Saturday, January 6, 2018

PCP's Movie Pick of the Month for January: Breaking the Ice (2014)

As some of you probably already know, the 2018 Winter Olympics is starting next month. The best Olympic stories, in my opinion, are the underdog stories. We all know Michael Phelps is going to win a ton of Gold medals, it's just a question of how many. I'd rather hear about Mo Farah, the runner from the U.K. who fell during the 10,000 metre race, only to get up and win a gold medal at the Rio Olympics in 2016, or Eric Moussambani, the swimmer from Equatorial Guinea who won his first heat at the Sydney Olympics in 200, despite never seeing an Olympic sized swimming pool because the other competitors were disqualified for starting early. However, it was the first attempt of the Jamaican Bobsled team, who qualified for the 1988 Winter Olympics in Calgary that defied the most expectations.

Breaking the Ice (2014)

"Anyone can accomplish incredible dreams and if they dare to dream extraordinarily, and have the equal desire to go after them." - Devon Harris.

Breaking the Ice is a short documentary that tells the true story of the first Jamaican Olympic Bobsled team’s journey to the 1988 Winter Olympics in Calgary. This story caught the world by storm and was made into a blockbuster hit movie Cool Runnings a few years later. This movie became massively successful worldwide. While Cool Runnings was highly factionalized and problematically whitewashed for Western consumption (that is to say softened, “easier to understand” accents, lots of stereotypical jokes about Caribbean folks in the cold, and cartoonish characters with funny names), Breaking the Ice  tells the true version of the story and is, in my opinion, actually more interesting to watch. It follows the initial efforts to create a Jamaican Bobsled team by an American businessman, the recruiting of a military helicopter pilot Dudley Stokes, and three sprinters, Devon Harris, Michael White, and Freddy Powell, and their trials and tribulations through the bureaucracy that almost prevented them from competing. In the end they displayed serious athletic talent, impressed the Bobsledding establishment, and won over fans around the world with their underdog spirit. They did crash during their final run, and as a result did not medal, but they gained the respect of fellow competitors and showed that they were not as out of their depth in the sport as initially believed.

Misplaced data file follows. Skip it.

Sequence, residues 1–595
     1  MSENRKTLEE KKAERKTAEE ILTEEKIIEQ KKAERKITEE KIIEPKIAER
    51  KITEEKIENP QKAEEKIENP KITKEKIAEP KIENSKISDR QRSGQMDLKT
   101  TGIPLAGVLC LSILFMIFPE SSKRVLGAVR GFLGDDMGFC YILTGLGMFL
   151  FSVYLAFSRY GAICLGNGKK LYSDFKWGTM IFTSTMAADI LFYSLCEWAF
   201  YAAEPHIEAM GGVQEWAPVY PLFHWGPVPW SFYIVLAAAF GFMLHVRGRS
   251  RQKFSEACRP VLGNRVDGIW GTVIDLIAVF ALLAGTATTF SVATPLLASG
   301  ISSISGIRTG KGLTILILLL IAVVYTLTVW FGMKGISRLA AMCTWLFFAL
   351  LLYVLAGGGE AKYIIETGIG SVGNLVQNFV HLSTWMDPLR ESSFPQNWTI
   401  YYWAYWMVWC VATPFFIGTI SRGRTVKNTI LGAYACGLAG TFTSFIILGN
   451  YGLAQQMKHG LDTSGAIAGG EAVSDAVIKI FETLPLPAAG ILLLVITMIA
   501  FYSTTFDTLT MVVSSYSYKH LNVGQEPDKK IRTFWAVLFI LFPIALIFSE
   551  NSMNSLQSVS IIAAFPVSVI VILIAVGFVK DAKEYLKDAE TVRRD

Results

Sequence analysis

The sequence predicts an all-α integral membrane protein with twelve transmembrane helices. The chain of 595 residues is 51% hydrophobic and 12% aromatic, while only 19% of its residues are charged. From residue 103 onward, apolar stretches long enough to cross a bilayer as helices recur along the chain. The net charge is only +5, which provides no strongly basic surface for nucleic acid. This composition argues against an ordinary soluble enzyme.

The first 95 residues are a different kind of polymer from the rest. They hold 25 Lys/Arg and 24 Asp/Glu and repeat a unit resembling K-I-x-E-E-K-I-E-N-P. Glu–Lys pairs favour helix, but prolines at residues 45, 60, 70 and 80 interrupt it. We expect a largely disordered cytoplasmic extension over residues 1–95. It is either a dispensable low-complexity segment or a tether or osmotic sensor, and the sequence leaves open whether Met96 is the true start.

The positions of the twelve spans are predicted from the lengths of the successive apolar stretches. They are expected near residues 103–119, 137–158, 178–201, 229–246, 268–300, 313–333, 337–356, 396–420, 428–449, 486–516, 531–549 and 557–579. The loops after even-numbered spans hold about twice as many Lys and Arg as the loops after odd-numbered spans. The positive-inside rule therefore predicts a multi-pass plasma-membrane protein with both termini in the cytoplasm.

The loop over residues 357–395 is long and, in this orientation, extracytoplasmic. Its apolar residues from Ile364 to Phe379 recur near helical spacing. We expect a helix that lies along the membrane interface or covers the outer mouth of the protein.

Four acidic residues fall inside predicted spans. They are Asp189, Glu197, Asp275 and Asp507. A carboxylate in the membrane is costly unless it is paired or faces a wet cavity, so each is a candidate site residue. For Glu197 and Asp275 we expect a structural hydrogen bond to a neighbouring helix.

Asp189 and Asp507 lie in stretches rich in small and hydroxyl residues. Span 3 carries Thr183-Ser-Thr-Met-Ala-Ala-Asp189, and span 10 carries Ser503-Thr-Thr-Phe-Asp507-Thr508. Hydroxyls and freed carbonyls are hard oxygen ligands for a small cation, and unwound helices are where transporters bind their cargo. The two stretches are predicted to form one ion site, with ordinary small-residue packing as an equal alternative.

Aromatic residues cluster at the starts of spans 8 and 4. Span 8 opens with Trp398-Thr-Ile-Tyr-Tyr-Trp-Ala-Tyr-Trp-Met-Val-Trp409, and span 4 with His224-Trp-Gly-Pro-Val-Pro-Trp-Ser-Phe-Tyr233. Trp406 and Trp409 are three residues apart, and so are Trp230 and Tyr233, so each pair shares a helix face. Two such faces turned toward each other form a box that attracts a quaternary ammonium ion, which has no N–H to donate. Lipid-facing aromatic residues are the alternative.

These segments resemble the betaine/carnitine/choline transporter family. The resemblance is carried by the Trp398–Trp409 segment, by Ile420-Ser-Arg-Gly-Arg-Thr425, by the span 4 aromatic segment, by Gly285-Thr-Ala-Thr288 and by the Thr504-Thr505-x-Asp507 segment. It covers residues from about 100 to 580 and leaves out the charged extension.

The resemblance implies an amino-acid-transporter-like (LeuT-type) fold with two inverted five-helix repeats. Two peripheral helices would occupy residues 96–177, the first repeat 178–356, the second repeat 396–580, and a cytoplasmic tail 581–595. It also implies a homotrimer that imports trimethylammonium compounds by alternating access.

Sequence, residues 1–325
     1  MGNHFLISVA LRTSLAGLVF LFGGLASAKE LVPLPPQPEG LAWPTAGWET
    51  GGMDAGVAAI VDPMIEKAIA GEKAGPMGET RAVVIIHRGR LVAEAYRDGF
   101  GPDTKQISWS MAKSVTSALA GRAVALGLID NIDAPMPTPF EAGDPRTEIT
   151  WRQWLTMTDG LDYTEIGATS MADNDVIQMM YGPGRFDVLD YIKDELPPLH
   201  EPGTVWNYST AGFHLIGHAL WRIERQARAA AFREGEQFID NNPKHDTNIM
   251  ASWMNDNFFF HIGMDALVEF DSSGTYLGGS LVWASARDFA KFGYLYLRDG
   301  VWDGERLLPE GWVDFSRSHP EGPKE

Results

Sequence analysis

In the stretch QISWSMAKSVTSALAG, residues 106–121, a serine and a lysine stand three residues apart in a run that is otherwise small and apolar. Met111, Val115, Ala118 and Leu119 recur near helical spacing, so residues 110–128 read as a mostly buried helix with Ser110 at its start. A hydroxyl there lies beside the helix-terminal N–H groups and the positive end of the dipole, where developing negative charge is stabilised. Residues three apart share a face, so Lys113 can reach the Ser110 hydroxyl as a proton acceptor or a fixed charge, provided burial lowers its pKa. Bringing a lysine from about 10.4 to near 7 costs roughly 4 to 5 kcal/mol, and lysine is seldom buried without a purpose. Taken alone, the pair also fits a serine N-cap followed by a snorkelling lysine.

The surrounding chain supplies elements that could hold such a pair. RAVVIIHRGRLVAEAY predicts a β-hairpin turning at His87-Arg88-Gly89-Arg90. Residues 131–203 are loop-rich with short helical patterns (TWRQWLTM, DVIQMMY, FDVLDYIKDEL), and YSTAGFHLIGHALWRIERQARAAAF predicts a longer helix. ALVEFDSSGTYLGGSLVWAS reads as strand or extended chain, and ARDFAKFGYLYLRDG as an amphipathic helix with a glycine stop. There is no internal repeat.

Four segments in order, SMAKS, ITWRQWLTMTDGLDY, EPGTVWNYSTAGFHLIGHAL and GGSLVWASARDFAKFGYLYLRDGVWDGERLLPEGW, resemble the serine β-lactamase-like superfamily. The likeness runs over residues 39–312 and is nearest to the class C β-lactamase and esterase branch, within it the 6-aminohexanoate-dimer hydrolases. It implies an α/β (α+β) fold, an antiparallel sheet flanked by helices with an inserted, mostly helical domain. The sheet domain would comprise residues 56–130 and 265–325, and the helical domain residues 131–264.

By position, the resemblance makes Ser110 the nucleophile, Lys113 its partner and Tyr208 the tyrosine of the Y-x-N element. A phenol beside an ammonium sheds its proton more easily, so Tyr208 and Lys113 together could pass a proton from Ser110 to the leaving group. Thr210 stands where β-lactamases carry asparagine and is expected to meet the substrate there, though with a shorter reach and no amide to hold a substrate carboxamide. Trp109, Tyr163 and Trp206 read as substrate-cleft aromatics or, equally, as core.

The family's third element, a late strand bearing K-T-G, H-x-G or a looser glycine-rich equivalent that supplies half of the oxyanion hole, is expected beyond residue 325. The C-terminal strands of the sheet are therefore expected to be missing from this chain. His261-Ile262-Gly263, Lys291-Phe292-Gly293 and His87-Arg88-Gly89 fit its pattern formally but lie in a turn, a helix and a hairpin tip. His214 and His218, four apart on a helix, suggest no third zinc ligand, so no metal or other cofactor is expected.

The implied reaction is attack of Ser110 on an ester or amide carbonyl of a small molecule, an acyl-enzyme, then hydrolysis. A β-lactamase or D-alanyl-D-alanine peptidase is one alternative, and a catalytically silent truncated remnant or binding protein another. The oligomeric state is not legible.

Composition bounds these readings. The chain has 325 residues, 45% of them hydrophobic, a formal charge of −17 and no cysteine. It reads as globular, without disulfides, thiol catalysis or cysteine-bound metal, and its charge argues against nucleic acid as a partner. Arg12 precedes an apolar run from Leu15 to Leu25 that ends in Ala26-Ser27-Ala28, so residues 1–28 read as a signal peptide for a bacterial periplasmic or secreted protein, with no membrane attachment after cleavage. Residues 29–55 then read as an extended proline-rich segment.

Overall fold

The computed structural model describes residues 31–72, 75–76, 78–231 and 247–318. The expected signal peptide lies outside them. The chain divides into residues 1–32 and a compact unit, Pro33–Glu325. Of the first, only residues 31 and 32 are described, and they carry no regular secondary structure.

The parallel between this film and YMT is the theme of defied expectations. The Jamaicans were not your typical Boblsled team. The Jamaicans fought to get accepted in the Bobsled world. They were consistently underestimated and not taken seriously by the establishment, but persevered and were eventually accepted as legitimate competitors. In 1994, they returned to the Olympics and although they didn’t medal, they placed higher than both Teams USA and Russia. It’s a true story of competitors who “didn’t belong” gaining the respect of their peers through hard work and determination. YMT’s story has similar themes on a different scale. We are not your typical Muay Thai competitors. We have our roots in York University’s Muay Thai program, founded by Kru Jenypher in 2006. We were a small class in the basement of York U's gym with no heavy bags and very little equipment, that anybody with a student card could sign up for and as a result we were seriously underestimated. The Muay Thai community did not think that a group of nerdy university students with a female Kru could create strong competitors, or any sort of force to be reckoned with. They were wrong. We slowly developed and eventually outgrew our space. We moved to our current location in 2010, but the old reputation stuck. But we took ourselves seriously and dug in hard. Flash forward to today and everybody in Ontario knows that if they have an opponent from York Muay Thai standing across from them, they’re going to have a rough night. We won 3 gold medals at this years Nationals, 2 at provincials. We sent a competitor to IFMA. The Wall of Champions is running out of space. 

Not bad for a bunch of nerdy university students.

Breaking the Ice can be viewed online at:

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